Bjorn’s Corner: Time to reassess the safety standards for our airliners

By Bjorn Fehrm

April 26, 2019, ©. Leeham News: In the wake of the 737 MAX crashes the standards to which Boeing and the FAA qualified and approved the 737 MAX MCAS function is questioned.

FAA has called the world’s aviation regulators to a meeting on the 23rd of May to discuss how the revised MCAS function will be approved. But it’s time to discuss more than how the updated MCAS shall pass.

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Airbus, Boeing backlogs in US, EU and tariff exposure

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April 25, 2019, © Leeham News: With the European Union now listing aircraft among the US products that will be subject to tariffs, in retaliation for the United States plan to levy tariffs on airplanes and other goods, Airbus faces a greater exposure than Boeing in a trade war.

The US proposes tariffs on aircraft, fuselages, wings and other components produced by the four Airbus member states: France, Germany, Spain and the UK.

  • Airbus has more aircraft in backlog to the US than Boeing does to the EU.
  • Delta Air Lines is the biggest Airbus US customer, followed by lessor GECAS.
  • Ireland, with its lessors and discount carrier Ryanair, is Boeing’s biggest customer in the EU.
  • The UK carriers are a distant second to Ireland, but Brexit muddles the picture.

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Initial analyst reaction to Boeing 1Q earnings

April 24, 2019: Initial analyst reaction to Boeing’s 1Q2019 earnings, which were impacted by the grounding of the 737 MAX two weeks before the engine of the quarter, was positive.

Pre-market trading was initially up more than $6; at this writing an hour later, this eased, coming off slight to being up just under $6.

Here is the initial reaction from analysts:

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Boeing 1Q earnings down on MAX grounding; full impact to come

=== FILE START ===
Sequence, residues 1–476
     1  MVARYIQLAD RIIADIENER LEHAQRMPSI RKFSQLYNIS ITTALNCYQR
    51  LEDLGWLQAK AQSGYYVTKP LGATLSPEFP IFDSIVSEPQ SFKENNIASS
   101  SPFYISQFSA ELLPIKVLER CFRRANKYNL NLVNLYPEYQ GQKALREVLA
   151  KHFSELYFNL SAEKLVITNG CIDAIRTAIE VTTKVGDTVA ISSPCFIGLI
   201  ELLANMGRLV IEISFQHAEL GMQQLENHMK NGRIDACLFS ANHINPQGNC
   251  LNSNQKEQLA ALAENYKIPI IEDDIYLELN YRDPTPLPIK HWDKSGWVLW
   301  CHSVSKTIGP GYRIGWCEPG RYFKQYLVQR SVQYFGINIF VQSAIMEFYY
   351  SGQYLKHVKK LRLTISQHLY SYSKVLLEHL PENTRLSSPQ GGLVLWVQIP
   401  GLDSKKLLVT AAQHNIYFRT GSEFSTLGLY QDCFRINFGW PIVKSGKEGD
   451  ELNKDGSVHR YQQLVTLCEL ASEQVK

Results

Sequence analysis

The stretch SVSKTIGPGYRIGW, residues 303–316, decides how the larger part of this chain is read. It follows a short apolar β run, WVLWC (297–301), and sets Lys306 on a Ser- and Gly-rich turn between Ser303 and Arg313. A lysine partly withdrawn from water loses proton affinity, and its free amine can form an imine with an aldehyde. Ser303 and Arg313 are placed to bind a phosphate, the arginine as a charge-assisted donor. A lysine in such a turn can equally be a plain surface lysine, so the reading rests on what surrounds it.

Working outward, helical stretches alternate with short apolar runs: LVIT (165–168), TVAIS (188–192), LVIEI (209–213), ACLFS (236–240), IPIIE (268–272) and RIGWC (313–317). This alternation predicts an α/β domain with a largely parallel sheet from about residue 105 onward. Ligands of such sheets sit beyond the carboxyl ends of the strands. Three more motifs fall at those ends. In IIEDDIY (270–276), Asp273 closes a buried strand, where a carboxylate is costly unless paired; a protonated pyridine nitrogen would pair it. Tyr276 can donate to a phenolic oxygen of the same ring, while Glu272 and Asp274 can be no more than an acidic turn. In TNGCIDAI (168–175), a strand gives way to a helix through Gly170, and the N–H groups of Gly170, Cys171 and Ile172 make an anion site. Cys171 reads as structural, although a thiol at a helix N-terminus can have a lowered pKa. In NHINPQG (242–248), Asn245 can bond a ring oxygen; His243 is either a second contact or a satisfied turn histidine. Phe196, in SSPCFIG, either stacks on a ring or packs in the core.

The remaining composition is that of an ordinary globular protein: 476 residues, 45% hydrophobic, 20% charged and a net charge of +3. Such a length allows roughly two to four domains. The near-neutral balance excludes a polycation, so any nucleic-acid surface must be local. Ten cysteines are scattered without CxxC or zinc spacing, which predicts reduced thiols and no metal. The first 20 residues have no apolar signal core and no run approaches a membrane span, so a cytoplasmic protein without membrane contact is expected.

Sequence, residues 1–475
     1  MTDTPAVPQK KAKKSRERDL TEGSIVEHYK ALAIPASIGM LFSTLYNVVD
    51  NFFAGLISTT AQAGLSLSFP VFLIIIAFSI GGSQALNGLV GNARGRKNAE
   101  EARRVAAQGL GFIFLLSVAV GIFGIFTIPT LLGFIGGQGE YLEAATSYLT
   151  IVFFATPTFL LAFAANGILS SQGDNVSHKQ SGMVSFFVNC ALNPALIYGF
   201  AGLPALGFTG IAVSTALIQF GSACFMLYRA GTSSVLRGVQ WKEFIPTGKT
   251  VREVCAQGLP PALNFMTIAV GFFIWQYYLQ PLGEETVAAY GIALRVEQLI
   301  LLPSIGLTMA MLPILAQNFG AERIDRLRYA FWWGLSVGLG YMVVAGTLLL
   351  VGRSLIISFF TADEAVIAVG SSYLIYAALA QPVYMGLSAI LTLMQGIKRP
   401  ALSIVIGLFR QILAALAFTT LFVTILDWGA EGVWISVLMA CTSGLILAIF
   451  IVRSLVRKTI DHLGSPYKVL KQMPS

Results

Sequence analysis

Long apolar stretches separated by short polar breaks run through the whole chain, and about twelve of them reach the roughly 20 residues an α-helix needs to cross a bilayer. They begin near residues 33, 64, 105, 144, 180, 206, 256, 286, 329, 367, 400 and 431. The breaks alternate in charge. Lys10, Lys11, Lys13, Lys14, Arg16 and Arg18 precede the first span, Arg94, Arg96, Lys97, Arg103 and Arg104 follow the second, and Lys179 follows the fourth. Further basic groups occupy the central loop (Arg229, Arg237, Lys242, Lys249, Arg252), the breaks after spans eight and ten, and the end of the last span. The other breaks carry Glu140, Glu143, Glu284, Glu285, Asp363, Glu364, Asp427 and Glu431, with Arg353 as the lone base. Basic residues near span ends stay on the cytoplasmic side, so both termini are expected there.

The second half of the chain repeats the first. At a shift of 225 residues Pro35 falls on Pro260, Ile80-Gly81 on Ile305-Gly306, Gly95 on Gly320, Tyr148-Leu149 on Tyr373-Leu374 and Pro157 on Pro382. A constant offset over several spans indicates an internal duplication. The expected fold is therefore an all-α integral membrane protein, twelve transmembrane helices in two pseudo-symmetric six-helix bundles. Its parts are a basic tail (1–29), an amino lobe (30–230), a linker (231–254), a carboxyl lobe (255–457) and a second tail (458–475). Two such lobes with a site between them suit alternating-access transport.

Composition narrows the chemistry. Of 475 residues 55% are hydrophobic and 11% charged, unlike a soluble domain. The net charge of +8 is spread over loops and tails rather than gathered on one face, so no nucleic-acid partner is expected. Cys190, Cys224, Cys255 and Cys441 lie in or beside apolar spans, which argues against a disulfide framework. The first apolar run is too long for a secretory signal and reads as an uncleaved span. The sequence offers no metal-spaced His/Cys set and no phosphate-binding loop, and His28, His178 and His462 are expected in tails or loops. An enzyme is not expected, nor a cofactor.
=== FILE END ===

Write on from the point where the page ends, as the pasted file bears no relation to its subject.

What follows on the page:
April 24, 2019, © Leeham News: Boeing took a $1bn revenue hit in the first quarter ended March 31, following the grounding of the 737 MAX on March 13.

Earnings from operations reported today were off $525m; net earnings were down $328m.

The press release is here.

The stock market took the news in stride; pre-market trading saw Boeing stock rise more than $6 (1.66%) an hour before opening.

The MAX was grounding March 13, affecting only two weeks of the first quarter. The full impact is to come. As a result, Boeing suspended guidance for the year and will reissue it at a later date.

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Mitsubishi adding two MRJ90s to flight test fleet

By Bryan Corliss

April 24, 2019, © Leeham News: Mitsubishi is close to completing two additional MRJ90s that should join the company’s flight test fleet this summer.

Mitsubishi Aircraft Corp. President Hisakazu Mizutani also reported last week that the U.S. Federal Aviation Administration has granted the program a letter of authorization, which is a milestone toward getting a final type certificate allowing the plane to enter service.

Mizutani spoke in Nagoya, Japan, on April 16, delivering Mitsubishi’s regular quarterly update on the program’s progress.


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Electric aircraft builder announces new engine option

By Bryan Corliss

April 22, 2019, © Leeham News:  Electric aircraft motor builder MagniX will celebrate Earth Day today by announcing it has been chosen as one of two powerplants for Eviation Aircraft’s proposed nine-seater Alice passenger plane.